Students participating in the mission trip include:

  • Charles Cook, a sophomore pre-med major from Cheswick, Pa.( Twentynine Palms High School)
  • Joshuah Dains, a junior business management major from Clarksville, Pa.(Jefferson Morgan High School)
  • Kristen Sniezek, a sophomore nursing major from Moon Township, Pa. (Moon Area High School)
  • Mary Hoffman, a sophomore secondary education major from Butler, Pa. (Butler Area Senior High School)
  • Rachel Wilson, a sophomore undeclared major from Lower Burrell, Pa. (Burrell High School)
  • Shonah Russell, a junior education major from Sabattus, Maine (Northern High School)
  • SiReno Mattie, a senior creative writing major from Rices Landing, Pa. (Jefferson Morgan High School)
  • Stephanie Tress, a sophomore forensic science major from McMurray, Pa. (Canon-McMillan High School)
  • Victoria Berggren, a sophomore nursing major from Lower Burrell, Pa. (Burrell High School

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Contact: Ashley Wise, Communication Specialist
724.852.7675 or awise@waynesburg.edu

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Dave Calvario, director of the Center for Service Leadership at Waynesburg University, will lead eight University students to Camden, N.J., from Saturday, May 10, to Saturday, May 17, to serve with Urban Promise, a faith-based after school and summer camp program that aims to equip children and teens with skills for academic achievement, life management, spiritual growth and leadership.

“Urban Promise fits with the mission of Waynesburg University – faith learning and serving,” said Calvario. “An outcome from this trip is for us to see first-hand and learn about the challenges that are facing our urban centers throughout America as well as begin to understand the employment, housing, socioeconomic, educational system and challenges people face in the community.”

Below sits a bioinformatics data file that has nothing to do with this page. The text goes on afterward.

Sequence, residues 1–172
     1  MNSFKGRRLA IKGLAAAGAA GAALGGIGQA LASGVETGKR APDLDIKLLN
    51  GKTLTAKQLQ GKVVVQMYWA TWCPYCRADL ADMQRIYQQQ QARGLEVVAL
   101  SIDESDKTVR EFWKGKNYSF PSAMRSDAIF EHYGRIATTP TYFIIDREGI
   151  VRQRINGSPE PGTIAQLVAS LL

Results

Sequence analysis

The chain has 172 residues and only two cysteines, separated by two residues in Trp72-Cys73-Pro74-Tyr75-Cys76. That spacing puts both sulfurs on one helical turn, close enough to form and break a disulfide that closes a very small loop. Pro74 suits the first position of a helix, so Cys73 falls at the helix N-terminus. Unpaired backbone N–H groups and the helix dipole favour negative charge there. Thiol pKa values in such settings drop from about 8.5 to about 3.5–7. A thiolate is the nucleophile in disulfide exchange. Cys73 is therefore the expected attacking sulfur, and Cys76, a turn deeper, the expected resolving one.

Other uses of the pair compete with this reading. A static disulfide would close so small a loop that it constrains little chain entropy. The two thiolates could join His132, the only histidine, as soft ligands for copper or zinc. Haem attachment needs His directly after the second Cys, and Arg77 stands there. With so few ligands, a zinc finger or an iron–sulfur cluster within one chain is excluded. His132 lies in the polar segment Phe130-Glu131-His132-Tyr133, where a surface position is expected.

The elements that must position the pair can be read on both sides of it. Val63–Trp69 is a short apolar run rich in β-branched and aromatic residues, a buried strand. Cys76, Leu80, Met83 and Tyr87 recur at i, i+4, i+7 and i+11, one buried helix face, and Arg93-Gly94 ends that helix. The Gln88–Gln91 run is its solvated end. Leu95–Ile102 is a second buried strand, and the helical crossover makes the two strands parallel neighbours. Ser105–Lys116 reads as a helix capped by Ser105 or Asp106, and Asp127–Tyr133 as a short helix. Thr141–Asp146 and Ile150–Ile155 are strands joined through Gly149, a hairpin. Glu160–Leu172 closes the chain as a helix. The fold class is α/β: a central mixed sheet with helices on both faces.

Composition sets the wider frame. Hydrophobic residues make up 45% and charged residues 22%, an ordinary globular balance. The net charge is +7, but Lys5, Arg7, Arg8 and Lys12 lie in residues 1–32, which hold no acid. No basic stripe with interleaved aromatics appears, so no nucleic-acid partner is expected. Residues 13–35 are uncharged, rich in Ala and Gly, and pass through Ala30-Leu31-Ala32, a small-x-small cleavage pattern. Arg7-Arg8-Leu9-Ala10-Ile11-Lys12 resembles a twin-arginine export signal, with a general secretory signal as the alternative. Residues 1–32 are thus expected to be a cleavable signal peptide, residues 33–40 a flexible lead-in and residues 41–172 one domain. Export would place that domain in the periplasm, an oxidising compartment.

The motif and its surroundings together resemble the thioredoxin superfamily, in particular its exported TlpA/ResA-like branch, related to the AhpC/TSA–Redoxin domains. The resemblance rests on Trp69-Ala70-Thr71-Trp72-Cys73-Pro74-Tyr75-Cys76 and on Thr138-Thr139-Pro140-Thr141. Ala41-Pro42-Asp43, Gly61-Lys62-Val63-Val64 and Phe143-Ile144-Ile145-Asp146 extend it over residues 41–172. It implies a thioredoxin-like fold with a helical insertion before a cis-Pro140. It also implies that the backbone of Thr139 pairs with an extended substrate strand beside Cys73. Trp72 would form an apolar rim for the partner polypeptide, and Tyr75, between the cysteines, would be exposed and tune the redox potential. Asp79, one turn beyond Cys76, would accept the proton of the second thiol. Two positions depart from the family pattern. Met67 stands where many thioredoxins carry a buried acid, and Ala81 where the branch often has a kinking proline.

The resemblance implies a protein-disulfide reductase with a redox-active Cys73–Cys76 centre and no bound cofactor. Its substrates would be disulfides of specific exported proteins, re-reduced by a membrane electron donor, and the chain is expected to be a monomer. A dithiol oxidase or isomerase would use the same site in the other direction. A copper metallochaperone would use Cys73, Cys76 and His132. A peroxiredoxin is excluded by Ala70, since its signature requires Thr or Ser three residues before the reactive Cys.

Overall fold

Service will consist of working with children in Urban Promise’s kindergarten through 12th grade school as well as its after school program. Waynesburg students will assist with homework, spiritual development, arts and crafts, and athletic games.

Remaining time will be spent on labor projects in Urban Promise’s school and other ministries. Students will learn about the city of Camden and the poverty and social justice issues that exist there.

Students participating in this mission trip include:

  • Makalah Beazell, a senior early childhood and special education major from Waynesburg, Pa. (West Greene High School)
  • Kaitlyn Berkebile, a senior early childhood and special education major from Friedens, Pa. (Somerset Area Senior High School)
  • Morgan Brumbaugh, a senior early childhood education major from Williamsburg, Pa. (Central High School)
  • Jamie Dolan, a freshman psychology major from Washington, Pa. (Trinity High School)
  • Jacob Fleegle, a junior secondary education and political science double major from Jennerstown, Pa. (North Star High School)
  • Bret Hoffman, a junior forensic accounting major from Washington, Pa. (Washington High School)
  • Zachary Morgan, a senior sports management major from Greencastle, Pa. (Grace Academy)
  • Katharine Shultz, a senior human services major from Venetia, Pa. (Peters Township High School)

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Contact: Ashley Wise, Communication Specialist
724.852.7675 or awise@waynesburg.edu